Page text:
Does that longshot win? Because a bet like that would drive down the odds on the longshot to 1:20, which is the lowest they can legally go. And this is a parimutuel system, so we’re looking at ratios of money bet on one horse against money bet on all other horses.
In any event, if the longshot wins, the track is legally obligated to pay 5c to $1 (assuming nickel breakage), so the longshot player wins $50,000, plus his bet back. It likely results in what’s known as a negative pool, where the track has to dip into its own funds in order to pay off the winner. And tracks typically have a lot in reserve, for just such occasions, though they hope it never happens.
What would more likely happen in your example is that the mutuel teller (the person behind the betting window) would have to get authorization to book a bet that large. Given that we have $1000 in the pool from the other bettors (in your example), that authorization might come, but be limited to a $1000 wager. Or perhaps $2000 to $5000 if the track is willing to risk a negative pool, given that this is a longshot and other horses are more likely to win.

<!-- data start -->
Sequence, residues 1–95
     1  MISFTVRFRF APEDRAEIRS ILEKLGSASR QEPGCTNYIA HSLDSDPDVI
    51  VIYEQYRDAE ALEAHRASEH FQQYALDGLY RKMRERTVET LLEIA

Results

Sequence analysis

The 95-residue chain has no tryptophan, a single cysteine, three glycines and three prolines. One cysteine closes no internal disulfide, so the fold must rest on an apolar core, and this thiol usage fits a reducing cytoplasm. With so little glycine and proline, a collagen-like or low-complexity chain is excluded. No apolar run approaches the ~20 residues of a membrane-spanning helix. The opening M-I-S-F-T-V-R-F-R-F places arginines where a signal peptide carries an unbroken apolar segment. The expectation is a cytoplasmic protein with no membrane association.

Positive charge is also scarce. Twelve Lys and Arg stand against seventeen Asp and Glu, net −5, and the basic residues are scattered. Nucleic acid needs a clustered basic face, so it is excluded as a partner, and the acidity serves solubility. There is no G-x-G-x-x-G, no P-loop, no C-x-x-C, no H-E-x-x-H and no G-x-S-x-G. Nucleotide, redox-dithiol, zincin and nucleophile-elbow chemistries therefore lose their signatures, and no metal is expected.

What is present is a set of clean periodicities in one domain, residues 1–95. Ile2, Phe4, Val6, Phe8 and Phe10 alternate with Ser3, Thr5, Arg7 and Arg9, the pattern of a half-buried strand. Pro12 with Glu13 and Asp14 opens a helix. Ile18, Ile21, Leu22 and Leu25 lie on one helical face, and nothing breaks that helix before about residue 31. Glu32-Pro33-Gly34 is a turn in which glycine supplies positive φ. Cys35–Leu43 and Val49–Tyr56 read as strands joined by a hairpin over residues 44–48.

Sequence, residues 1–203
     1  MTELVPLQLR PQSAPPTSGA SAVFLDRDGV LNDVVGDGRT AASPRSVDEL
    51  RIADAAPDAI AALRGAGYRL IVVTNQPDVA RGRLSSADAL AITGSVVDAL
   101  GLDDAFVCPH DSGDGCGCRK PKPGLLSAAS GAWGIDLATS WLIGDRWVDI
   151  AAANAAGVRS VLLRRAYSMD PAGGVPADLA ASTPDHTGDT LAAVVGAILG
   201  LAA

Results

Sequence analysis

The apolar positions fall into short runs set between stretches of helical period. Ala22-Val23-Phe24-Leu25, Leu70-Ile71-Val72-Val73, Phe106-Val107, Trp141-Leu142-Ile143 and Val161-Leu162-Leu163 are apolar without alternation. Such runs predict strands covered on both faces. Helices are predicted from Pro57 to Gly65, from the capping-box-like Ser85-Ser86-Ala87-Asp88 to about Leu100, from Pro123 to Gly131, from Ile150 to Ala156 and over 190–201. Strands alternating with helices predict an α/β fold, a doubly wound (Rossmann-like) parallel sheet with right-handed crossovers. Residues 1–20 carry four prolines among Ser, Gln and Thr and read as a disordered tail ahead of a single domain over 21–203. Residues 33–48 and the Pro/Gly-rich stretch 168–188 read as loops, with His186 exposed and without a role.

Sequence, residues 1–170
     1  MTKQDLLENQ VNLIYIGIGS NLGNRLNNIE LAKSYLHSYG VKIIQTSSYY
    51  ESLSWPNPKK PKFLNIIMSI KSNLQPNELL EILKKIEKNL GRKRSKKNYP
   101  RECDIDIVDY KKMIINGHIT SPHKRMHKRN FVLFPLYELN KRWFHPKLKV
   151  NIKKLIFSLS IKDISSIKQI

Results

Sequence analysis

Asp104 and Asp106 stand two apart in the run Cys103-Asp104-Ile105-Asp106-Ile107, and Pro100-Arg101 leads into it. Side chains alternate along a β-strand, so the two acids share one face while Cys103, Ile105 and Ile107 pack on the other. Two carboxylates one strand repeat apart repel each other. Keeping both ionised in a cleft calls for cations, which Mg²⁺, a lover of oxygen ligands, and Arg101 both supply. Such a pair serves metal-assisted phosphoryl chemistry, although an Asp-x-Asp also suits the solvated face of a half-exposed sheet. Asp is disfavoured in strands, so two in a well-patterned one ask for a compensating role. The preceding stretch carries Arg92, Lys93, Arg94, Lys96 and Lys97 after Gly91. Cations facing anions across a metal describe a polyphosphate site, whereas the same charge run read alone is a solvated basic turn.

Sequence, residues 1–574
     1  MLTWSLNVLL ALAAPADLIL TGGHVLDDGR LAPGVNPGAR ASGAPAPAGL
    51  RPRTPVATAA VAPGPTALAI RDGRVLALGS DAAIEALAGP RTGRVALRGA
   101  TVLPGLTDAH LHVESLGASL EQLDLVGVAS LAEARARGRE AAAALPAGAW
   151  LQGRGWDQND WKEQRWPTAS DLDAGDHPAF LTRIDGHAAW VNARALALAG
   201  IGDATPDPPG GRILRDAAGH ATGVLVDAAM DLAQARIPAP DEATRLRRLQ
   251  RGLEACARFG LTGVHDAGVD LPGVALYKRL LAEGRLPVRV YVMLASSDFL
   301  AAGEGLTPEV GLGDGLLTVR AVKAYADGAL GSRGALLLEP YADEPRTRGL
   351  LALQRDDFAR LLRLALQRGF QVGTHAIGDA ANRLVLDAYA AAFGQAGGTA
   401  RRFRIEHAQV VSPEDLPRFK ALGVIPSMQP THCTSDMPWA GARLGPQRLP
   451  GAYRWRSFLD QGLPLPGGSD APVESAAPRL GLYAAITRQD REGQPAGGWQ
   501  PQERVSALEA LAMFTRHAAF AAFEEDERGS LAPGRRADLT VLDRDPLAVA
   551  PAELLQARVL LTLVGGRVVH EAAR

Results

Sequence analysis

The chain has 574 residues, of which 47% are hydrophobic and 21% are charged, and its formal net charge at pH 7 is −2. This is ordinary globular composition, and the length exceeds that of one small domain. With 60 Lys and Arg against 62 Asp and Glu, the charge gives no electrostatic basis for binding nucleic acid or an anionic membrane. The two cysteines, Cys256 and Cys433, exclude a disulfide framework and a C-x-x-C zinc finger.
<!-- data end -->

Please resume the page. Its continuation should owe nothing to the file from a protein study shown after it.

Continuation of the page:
My source is a friend, who had a serious horse race gambling problem. He bet at a big track, where daily handles (even on weekdays) regularly exceeded $1M on the day, but when he tried to place even a $1000 wager, the mutuel teller would have to get authorization to book it. There are minimums in horse racing, but there are also informal maximums, depending on the track, its funds, the race, and the horse.
Aside: My friend got help, and has not gambled on anything (horses, dice, cards) since. Unless you want to count he and I betting on CFL football, and what’s on the line is our bar tabs at even money at the sports bar. It’s fun, and it’s a lot less of a loss for him than $1000 a race at Woodbine.